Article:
Latino identifying labels are not static instruments used consistently but, in fact, are under constant change depending on various cultural and social factors. For many respondents, panethnic terms were used for simplicity or when the use of more descriptive labels may not be correctly understood, either within or outside the Latino community. There are distinct regional differences in the selection of Latino descriptors. For example, Latinos from the borderlands prefer "Chicano" as an identifier, which no doubt reflects past political and discriminatory policies by the majority culture. Illinois Latinos prefer "Mexican" in the earlier generations and "Mexican American" in later generations. New York Latinos prefer "American," "Chicano," "Central American," or "Puerto Riqueño," while Floridian Latinos prefer "Latin American." Indeed, Latinos are not at all monolithic in any of the areas LEAS examined, but are, as Shorris insisted, "different and alike," relating to each other in the same way as other human beings.

As I have emphasized throughout this study, Latinos are not a homogeneous group. The one important area they all share, however, is their common Spanish language, which is the concern of the next chapter.

Table 31 . Language Preference (percent)

Preference

Male

Female

Total

       

English

36

39

38

Spanish

9

6

8

Both Equally

55

53

54

       

997 respondents answered.

Summary of Middle-Class Language Preference

Latinos are a heterogeneous group with their Spanish language as the dominant linkage. Many studies mentioned earlier have portrayed a socioeconomic relationship to income and adequacy in the dominant cultures language. Middle-class LEAS respondents prove these findings accurate. Almost 40 percent of Latino respondents prefer English as their dominant language, and 92 percent prefer either monolingual English or bilingual English and Spanish. LEAS preference for monolingual Spanish averaged nine percent. Over time, and as Latino socioeconomic status improves, Latino language preferences, while bilingual, move closer to an English predominance for LEAS respondents. For many Latinos bilingualism is the only cultural entry to both the Latino and American communities, and where monolingualism does not meet the social or work requirements of many who must move between both cultures.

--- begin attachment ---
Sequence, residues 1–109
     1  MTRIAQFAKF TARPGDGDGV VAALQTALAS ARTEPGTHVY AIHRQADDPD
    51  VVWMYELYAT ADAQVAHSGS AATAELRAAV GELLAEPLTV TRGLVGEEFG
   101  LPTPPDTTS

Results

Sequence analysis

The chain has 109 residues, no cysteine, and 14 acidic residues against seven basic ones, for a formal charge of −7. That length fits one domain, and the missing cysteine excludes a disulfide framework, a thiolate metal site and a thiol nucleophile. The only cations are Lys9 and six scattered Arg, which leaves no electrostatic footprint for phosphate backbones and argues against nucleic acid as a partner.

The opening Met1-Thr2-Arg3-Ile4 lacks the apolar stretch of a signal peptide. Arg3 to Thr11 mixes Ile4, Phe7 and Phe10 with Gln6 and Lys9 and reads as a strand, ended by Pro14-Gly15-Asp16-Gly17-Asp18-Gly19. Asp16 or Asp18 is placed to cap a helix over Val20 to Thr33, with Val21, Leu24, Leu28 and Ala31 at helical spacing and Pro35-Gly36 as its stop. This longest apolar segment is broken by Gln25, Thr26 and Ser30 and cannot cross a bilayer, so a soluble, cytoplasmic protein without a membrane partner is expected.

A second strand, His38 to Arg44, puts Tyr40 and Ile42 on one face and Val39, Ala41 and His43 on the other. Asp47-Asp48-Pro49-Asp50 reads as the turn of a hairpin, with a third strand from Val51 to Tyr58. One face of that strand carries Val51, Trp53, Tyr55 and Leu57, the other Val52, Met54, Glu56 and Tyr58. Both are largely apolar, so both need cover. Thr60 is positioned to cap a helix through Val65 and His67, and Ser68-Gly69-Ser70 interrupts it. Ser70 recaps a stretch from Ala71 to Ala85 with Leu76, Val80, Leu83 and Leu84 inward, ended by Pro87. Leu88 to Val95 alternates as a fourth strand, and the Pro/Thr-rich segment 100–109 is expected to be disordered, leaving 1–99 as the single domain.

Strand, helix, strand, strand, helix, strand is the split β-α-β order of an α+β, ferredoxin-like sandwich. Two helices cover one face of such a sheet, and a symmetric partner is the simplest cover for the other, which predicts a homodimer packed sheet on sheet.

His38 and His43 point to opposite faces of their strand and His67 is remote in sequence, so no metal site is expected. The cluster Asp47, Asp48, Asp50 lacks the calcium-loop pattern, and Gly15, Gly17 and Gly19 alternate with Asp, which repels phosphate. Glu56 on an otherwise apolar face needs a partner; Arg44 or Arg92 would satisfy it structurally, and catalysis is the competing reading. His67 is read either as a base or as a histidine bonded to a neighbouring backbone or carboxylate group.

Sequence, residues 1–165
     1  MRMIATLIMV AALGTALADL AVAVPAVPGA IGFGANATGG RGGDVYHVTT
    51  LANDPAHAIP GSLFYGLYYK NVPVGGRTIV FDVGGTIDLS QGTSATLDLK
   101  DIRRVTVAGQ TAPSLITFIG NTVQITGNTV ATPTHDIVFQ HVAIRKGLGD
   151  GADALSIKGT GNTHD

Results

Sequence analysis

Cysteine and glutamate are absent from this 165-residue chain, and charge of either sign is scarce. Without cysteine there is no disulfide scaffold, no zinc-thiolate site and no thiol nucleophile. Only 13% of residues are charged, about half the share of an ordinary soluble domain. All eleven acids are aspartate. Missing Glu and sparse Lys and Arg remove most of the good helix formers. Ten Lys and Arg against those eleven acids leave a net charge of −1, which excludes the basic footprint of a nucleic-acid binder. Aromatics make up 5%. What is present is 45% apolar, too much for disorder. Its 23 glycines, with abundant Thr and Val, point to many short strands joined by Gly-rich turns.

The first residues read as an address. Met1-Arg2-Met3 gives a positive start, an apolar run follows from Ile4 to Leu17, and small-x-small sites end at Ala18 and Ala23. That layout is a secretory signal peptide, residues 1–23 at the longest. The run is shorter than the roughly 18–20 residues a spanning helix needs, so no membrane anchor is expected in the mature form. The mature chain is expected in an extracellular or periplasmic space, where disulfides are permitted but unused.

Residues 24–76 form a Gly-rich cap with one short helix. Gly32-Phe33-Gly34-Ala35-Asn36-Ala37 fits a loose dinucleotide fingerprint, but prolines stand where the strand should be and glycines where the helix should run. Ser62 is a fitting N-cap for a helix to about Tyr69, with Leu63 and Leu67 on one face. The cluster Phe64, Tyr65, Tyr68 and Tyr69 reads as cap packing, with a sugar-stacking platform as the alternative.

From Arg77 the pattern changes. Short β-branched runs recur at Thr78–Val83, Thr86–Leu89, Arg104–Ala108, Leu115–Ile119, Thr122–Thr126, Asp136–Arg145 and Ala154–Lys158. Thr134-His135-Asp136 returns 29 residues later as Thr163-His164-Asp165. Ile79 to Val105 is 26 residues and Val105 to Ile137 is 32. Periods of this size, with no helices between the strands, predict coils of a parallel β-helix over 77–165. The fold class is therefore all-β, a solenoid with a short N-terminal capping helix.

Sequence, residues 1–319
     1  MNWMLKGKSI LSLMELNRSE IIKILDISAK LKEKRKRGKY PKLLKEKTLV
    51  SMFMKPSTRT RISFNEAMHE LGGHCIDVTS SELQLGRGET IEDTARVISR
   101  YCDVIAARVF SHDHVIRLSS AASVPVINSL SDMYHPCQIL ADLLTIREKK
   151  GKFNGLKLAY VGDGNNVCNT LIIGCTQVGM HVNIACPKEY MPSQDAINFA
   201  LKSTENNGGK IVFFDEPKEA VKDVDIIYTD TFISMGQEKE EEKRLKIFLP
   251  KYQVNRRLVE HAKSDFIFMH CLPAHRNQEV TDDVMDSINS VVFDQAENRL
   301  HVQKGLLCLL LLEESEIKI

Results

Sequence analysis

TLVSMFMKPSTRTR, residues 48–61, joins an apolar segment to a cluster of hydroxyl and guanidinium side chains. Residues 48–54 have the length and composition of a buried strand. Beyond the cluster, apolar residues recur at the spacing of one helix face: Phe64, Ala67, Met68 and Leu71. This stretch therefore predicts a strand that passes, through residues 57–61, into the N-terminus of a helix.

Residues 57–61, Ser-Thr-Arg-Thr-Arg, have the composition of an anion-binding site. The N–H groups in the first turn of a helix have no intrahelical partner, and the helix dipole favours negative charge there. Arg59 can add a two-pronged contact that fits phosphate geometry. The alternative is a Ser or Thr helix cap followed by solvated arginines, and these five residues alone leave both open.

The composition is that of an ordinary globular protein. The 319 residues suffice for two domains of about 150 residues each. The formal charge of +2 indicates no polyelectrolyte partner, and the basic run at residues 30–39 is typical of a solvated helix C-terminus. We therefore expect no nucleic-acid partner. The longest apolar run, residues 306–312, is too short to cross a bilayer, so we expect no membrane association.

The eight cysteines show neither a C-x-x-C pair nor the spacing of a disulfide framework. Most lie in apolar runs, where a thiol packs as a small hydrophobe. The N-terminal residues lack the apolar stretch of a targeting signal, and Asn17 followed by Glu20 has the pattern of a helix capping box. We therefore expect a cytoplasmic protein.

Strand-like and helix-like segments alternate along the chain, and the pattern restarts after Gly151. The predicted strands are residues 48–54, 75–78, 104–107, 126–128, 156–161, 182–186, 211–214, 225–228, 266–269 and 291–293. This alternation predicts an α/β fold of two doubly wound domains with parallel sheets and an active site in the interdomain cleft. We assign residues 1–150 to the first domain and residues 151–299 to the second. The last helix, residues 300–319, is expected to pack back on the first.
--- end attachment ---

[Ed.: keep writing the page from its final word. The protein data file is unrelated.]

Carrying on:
Education has little influence over language preference, but age demonstrated a positive correlation, especially in the 25 to 54 age groups. Most who identified with descriptors with "American" in the names preferred English to Spanish. A Cuban majority favored Spanish, while the umbrella descriptors of Puerto Ricans, Latin Americans, and Central Americans endorsed both languages equally. Those respondents identifying as Mexican or Mexicano had an equal propensity for both languages, with the remainder generally expressing a partiality for Spanish.

The above information has been presented in summary form. The entire report runs 182 pages with many more tables and a diskette containing all of the geodemographic information from which this report was compiled. The entire report is available from the library system of the University of Kansas, probably in early 1998.

I would like to thank all of the respondents from throughout the United States who made time to complete the survey as well as supplying us with their very important comments. These comments were used liberally throughout the report. Many thanks.

 

Copyright © 1997 by Daniel L. Roy

Webmaster: Chris Chipman